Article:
They that have power to hurt and will do none,
That do not do the thing they most do show,
Who, moving others, are themselves as stone,
Unmoved, cold, and to temptation slow;
They rightly do inherit heaven's graces
And husband nature's riches from expense;
They are the lords and owners of their faces,
Others but stewards of their excellence.
The summer's flower is to the summer sweet,
Though to itself it only live and die,
But if that flower with base infection meet,
The basest weed out-braves his dignity;
For sweetest things turn sourest by their deeds;
Lilies that fester smell far worse than weeds.
XCIV. The poet, in the preceding Sonnet, had set forth the possibility of his friend being false at heart, although his countenance should give no indication of unfaithfulness. But the ability to restrain the expression of emotion, and not to publish to the world by changes of countenance the thoughts and feelings of the heart, may be regarded as a virtue, or at least as a valuable endowment. Persons of this temperament isolate themselves, it is true; but this
does not destroy their virtue. The flower is still sweet whose sweetness is wasted on the desert air. But such virtue when corrupted acquires an odour far ranker than that of undisguised profligacy or unrestrained passion.
1. Have power to hurt and will do none. Are not impetuous and passionate.
"Thou hast been
As one, in suffering all, that suffers nothing;
A man that Fortune's buffets and rewards
Has ta'en with equal thanks; and blest are those
Whose blood and judgment are so well commingled
That they are not a pipe for Fortune's finger
To sound what stop she please."
Shakespeare, himself perhaps very sensitive and quickly moved, may have
appreciated too highly a different kind of character. As to the corruption of such a character as that here described, compare the portraiture of Angelo in Measure for Measure.
6. They do not expend their energies in passionate outbursts.
7. They are the lords and owners of their faces. Not giving ready expression to emotion.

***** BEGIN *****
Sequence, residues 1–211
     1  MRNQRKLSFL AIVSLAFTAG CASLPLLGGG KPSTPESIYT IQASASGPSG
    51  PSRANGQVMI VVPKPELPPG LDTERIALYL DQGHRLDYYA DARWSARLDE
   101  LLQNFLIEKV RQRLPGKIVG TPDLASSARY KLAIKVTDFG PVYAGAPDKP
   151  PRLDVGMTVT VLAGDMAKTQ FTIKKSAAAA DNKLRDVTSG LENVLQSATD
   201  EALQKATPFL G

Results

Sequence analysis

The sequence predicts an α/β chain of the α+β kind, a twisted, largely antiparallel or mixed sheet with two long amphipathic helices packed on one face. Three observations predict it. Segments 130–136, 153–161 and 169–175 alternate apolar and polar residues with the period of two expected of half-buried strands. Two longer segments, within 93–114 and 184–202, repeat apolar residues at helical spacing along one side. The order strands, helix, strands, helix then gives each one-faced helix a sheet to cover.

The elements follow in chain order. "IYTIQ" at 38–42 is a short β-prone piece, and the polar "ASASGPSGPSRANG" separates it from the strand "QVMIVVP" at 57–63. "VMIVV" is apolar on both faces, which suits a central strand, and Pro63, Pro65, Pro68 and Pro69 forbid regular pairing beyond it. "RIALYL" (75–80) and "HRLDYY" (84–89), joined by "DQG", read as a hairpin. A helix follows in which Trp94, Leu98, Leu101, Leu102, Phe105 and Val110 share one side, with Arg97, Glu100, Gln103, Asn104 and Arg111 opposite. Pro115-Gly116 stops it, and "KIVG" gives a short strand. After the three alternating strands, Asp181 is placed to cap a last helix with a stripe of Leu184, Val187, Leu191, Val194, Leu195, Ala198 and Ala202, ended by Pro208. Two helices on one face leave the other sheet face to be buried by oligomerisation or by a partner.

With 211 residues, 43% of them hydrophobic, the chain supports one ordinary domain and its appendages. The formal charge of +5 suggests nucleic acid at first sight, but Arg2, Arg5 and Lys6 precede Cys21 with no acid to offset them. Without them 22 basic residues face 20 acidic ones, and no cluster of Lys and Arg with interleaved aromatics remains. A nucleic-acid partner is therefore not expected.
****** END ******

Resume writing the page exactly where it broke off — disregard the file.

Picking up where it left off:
14. Fester. Corrupt. Persons of the character in question are colourless "lilies" rather than blushing roses. This line had previously appeared in Edward III., a play some have attributed in part to Shakespeare.
How to cite this article:
Shakespeare, William. Sonnets. Ed. Thomas Tyler. London: D. Nutt, 1890. Shakespeare Online. 28 Dec. 2013. < http://www.shakespeare-online.com/sonnets/94.html >.
Did You Know? ... For over 400 years The Reign of King Edward III has been classified as an anonymous play by everyone but a handful of renegade critics.
First printed in 1596 by the London bookseller and publisher, Cuthbert Burby, the play's title page told Elizabethan readers that "it hath bin sundrie times plaied about the Citie of London", but Burby credited no author. The play likely was very successful at the time, for Burby published another edition in 1599, again without naming an author.
Sonnet Theories ... "All now agree that the Sonnets are a collection of almost matchless interest, a legacy from Shakespeare at once strange and precious, -- nothing less, in fact, than a preserved series of metrical condensations, weighty and compact as so many gold nuggets, of thoughts and feelings that were once in his mind. The interpretations of them collectively, however, the theories of their nature and purport collectively, differ widely." David Masson. Read on...